The two men went first with the photos. Émilie, who had school that day, would join them the next day. Jacques had contacted some of his acquaintances in Miquelon and arranged to set up the exhibition in the community hall.

The night they arrived in Miquelon, François called Émilie.

“There's been a change of plans! We can't put the exhibition up in the community hall. There isn't enough light.”

In fact, she remembered that because she had once gone one Sunday afternoon for a dance at cocktail hour—perhaps it had been Bastille Day? The hall had only a few small windows high up on the wall, and they did not give much light to the dance floor or the tables. The smell of warm beer, fiddle music, and the summer heat came back to mind.

“What are we going to do, then?”

“Jacques is going to talk to the priest and see if we can hang the photos in the church. It's that or nowhere.”

Because there was no museum in Miquelon, no conference room, no library, there was not much choice: if the community hall did not work, the church would have to do.

“When do you get here?”

“Everything's backwards,” she replied with a laugh, not paying attention to what she was saying. “Usually I'm the one who spends my life waiting for you.”

There was a brief silence at the end of the line; she could sense that he was smiling.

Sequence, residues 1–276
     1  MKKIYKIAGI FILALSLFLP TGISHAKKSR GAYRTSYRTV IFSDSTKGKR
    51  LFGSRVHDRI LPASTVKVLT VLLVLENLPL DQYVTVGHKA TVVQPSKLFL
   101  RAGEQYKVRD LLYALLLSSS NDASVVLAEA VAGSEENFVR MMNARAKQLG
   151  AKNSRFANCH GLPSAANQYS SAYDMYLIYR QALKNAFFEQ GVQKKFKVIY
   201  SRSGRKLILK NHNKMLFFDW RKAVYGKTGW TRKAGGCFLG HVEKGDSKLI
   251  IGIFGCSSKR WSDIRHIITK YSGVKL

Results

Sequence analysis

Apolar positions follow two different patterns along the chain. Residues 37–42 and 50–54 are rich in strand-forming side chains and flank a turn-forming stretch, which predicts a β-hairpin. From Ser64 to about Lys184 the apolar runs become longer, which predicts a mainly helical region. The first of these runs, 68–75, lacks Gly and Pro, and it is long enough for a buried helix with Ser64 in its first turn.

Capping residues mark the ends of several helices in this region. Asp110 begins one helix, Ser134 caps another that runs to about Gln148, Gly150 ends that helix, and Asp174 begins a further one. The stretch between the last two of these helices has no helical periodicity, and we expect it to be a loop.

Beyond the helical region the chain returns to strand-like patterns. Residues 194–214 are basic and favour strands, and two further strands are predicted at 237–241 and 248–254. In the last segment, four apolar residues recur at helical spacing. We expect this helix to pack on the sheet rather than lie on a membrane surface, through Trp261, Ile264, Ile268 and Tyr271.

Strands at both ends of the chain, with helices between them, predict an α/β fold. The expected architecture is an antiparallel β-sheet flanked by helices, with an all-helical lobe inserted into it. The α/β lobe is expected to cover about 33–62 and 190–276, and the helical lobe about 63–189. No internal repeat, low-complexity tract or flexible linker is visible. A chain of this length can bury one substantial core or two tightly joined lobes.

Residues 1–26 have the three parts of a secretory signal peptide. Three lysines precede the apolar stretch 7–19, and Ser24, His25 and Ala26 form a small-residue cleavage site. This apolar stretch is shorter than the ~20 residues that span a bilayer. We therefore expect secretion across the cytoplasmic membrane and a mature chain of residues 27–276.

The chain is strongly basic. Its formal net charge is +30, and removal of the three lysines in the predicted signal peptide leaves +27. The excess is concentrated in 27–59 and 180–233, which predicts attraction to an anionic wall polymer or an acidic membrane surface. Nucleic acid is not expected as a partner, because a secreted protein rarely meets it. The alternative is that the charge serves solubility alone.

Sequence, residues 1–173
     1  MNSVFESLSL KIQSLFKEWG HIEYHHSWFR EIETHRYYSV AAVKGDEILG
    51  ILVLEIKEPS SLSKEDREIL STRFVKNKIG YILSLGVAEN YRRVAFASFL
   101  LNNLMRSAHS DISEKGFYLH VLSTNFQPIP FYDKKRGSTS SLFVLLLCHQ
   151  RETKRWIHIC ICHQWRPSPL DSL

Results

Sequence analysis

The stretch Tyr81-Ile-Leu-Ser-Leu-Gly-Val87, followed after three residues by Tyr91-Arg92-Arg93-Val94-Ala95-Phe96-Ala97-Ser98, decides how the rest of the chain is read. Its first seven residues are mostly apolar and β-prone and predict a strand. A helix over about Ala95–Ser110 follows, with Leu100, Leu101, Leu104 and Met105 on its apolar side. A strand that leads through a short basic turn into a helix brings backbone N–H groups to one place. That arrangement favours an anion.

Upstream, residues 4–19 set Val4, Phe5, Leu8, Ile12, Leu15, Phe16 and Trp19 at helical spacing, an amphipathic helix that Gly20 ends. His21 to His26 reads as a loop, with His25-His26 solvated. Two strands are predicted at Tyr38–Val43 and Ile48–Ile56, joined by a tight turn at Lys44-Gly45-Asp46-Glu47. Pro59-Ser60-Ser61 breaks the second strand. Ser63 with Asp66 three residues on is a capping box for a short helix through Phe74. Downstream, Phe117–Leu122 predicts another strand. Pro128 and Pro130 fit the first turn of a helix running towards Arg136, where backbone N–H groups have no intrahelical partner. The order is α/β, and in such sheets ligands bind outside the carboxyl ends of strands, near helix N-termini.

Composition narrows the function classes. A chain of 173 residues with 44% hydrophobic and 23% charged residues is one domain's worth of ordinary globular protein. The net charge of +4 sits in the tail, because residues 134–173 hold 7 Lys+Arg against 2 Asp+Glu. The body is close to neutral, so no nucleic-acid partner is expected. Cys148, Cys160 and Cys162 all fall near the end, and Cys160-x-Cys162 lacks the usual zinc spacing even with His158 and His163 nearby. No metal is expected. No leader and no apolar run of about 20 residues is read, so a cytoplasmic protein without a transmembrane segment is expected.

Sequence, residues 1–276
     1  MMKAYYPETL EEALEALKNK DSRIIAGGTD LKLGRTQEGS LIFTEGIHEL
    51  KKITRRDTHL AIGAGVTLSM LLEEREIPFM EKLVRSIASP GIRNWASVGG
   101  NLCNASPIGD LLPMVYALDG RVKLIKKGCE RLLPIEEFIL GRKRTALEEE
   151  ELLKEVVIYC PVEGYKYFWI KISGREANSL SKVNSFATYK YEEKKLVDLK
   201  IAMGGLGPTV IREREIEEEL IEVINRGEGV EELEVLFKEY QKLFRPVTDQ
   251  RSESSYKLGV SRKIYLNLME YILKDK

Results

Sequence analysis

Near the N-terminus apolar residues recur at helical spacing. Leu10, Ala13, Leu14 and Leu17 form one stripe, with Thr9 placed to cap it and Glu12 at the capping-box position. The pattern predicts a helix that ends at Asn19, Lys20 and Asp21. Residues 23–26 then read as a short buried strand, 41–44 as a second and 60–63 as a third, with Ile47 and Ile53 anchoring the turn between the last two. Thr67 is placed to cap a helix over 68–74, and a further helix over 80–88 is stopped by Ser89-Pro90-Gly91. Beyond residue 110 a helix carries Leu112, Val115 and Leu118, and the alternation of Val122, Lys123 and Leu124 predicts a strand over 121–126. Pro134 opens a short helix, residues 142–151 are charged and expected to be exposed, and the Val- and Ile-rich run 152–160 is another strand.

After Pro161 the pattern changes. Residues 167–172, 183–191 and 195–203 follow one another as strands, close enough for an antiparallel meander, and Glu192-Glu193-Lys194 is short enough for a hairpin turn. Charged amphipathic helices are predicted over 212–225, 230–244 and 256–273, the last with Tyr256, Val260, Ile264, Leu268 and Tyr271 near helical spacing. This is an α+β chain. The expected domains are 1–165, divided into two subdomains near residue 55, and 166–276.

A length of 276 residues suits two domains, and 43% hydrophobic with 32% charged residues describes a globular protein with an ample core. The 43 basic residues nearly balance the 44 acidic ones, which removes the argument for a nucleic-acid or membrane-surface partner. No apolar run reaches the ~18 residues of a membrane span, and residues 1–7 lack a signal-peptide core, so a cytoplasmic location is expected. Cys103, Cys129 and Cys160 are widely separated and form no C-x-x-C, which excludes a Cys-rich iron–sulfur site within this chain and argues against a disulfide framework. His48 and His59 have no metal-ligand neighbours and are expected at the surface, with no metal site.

“Tomorrow, on the mail boat,” she answered. “I leave at eight o'clock and will be in Miquelon by mid- morning.”

She was not sure how long the crossing would take, because she had never taken the mail boat to Miquelon. For her, boats only went to one place: Langlade.

“Hurry. We don't want to hang the photos without you.”

As if I had any control over the time I arrive
, she thought. A childish impatience under the mask of a grown man.

“I'll come and wait for you on the wharf,” he added, suddenly touched by the idea that this time it would be him waiting for her.

A few weeks of sharing the satisfaction and excitement of the Doctor Thomas exhibition with her, watching her bloom a little more each day as others came to appreciate her, hearing her muse about the mysterious doctor, construct hypotheses and then describe—with uncommon insight and contagious enthusiasm—the aesthetic value of the photos, had enabled him to define a few of the diffuse emotions that drew them together. Somewhere, in the unfathomable depths of the soul, a world which cannot be expressed in words because it would slide from the sublime into the ordinary, she and he were one. He was hers, she was his.

As for Doctor Thomas, it was the ambiguity of his photos that had allowed them to discover each other.